As for the abuse of prisoners in Afghanistan, Karzai said, “This is simply not acceptable. We are angry about this. We want justice. We want the people responsible for this sort of brutal behavior punished and tried and made public.”

The U.S. military has said it would not tolerate any incidents of abuse.

The newspaper’s account of the prisoner’s mistreatment were backed by New York-based Human Rights Watch, a watchdog group, which said that at least six prisoners in U.S. custody in Afghanistan have been killed since 2002.

Hundred of people were arrested during and after the campaign by U.S.-led forces to oust the hardline Taliban regime in late 2001.

Karzai spoke of the successful partnership with the U.S. that helped drive the Taliban from Afghanistan.

Seeks restriction on U.S. military
“Now, we are in a different phase of this struggle. The Afghan people have gone to elections, they have a constitution, they have elected a government. ... The Afghan people now feel that they own that country,” Karzai said.

As a result, he wants some restrictions on how the U.S. military operates in his country.

“Operations that involve going to people’s homes, that involves knocking on people’s doors, must stop, must not be done without the permission of the Afghan government,” Karzai said.

On the status of Sept. 11 mastermind Osama bin Laden, still a fugitive, Karzai said, “We know that for sure he’s not in Afghanistan, yes. If he were there, we would catch him.”

Karzai — seen by his critics as an American puppet — issued the tough statements on the U.S. military after fresh reports of prisoner abuse by American forces at Bagram, the main military prison north of Kabul, and anti-U.S. riots that broke out across the country earlier this month, leaving at least 15 people dead.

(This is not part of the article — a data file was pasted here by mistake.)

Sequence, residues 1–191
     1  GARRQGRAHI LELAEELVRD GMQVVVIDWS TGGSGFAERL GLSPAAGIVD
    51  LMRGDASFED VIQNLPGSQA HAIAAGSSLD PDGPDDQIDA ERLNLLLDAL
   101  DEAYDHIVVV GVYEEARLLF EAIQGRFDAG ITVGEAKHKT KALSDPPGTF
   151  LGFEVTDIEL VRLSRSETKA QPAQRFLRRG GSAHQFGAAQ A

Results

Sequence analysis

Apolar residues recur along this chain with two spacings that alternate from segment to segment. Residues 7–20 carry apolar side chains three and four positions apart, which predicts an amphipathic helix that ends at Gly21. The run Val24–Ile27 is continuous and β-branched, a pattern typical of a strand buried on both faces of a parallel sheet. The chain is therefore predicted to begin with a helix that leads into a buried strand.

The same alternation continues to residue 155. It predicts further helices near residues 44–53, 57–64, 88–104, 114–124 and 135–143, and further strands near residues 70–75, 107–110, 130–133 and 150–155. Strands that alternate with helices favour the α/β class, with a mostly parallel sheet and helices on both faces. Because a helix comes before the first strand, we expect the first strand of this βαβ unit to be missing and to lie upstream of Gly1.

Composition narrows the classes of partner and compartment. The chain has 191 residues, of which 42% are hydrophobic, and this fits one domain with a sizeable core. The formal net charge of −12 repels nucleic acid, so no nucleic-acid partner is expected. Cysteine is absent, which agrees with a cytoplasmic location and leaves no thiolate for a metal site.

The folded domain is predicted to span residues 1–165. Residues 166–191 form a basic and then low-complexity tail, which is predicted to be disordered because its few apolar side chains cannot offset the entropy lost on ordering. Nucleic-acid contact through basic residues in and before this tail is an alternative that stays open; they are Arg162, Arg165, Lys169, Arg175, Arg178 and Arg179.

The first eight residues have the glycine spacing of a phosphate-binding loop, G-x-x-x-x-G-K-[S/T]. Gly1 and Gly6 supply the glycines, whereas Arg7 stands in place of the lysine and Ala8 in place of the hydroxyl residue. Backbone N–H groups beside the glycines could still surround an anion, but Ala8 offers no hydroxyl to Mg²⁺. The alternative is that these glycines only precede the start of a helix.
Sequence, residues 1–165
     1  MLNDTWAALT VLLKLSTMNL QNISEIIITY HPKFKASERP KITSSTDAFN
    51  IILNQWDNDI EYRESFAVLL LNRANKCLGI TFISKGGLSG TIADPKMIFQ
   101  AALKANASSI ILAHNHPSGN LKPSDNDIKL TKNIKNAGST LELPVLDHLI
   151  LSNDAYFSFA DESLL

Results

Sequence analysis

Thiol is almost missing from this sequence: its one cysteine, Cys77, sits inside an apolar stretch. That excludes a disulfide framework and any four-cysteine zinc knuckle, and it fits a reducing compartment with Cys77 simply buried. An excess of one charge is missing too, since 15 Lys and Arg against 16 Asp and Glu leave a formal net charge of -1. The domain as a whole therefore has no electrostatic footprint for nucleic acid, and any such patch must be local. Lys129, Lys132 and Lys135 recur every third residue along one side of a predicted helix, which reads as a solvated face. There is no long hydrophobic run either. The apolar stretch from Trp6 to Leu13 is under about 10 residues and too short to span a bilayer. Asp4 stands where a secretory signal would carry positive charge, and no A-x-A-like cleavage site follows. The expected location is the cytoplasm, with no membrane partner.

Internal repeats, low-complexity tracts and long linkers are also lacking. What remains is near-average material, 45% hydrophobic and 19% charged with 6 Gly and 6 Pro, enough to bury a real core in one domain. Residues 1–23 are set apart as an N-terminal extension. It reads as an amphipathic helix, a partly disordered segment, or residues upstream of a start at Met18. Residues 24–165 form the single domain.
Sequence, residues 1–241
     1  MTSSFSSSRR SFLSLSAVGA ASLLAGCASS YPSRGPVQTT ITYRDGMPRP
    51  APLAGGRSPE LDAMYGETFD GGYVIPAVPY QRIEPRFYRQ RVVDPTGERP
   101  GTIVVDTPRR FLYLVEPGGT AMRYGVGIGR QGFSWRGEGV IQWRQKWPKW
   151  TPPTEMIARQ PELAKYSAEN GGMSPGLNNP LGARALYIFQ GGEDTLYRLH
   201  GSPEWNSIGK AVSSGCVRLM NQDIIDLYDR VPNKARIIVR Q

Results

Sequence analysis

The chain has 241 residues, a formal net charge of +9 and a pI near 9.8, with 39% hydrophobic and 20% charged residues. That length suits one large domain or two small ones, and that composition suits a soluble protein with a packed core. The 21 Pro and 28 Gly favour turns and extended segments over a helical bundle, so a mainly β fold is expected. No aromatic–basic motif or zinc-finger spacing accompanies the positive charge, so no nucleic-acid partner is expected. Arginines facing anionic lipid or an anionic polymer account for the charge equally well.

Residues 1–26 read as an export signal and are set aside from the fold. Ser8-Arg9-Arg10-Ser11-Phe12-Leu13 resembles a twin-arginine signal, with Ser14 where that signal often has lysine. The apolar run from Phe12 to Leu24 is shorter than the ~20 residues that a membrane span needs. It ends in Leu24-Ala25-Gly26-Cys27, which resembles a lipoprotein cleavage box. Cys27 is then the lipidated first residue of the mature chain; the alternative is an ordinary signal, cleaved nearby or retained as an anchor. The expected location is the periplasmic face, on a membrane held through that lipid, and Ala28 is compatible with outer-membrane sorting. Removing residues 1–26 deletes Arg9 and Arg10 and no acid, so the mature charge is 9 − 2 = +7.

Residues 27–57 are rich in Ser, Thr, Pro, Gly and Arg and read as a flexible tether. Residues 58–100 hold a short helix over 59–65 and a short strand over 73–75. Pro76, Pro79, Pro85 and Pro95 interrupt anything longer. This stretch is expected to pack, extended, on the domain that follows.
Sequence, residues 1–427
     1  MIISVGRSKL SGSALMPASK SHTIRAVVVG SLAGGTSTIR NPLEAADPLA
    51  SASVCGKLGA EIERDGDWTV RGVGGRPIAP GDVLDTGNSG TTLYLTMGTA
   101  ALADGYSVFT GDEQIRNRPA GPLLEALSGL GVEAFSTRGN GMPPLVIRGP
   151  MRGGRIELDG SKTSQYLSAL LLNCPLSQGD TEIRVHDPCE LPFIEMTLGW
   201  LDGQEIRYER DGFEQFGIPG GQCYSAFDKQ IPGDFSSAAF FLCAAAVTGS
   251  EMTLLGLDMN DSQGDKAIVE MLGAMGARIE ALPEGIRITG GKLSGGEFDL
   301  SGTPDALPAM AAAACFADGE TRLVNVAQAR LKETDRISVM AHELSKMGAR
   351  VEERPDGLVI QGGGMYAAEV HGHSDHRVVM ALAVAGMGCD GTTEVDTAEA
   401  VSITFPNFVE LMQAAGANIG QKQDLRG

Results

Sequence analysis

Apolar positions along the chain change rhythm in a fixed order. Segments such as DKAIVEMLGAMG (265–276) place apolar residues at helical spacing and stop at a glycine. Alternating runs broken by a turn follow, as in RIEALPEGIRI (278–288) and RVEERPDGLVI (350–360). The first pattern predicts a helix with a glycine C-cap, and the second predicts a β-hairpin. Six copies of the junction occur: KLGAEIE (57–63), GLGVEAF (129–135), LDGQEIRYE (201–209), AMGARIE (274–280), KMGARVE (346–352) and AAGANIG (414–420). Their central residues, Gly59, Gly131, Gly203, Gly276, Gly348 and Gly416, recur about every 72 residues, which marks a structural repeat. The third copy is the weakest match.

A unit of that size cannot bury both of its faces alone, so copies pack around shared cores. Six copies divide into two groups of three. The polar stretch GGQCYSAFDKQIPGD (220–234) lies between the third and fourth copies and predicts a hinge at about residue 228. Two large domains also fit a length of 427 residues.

Newsweek report
The unrest was triggered by a Newsweek magazine report, later retracted, that the Quran was defiled by interrogators at the U.S. prison at Guantanamo Bay, Cuba, and likely further fueled by long-standing complaints of heavy-handed search operations and the deaths of civilians in U.S. operations in Afghanistan.

There were fears a report in Friday’s New York Times, based on the Army’s criminal investigation into the December 2002 deaths of two Afghans at Bagram, could re-ignite anti-American manifestations.

Karzai said he was “shocked” by allegations of prisoner abuse by poorly trained U.S. soldiers at Bagram and vowed to raise the issue during his four-day U.S. visit. “We want the U.S. government to take very, very strong action to take away people like that (who) are working with their forces in Afghanistan,” Karzai said. “Definitely ... I will see about that when I am in the United States.”

Later Sunday, in a speech to Boston University graduates, Karzai sounded an optimistic note about his country. “After decades of stagnation, our civil society is once again vibrant, our economy is growing fast, and we are becoming a hub of trade in the region,” he said.

Reuters and The Associated Press contributed to this report.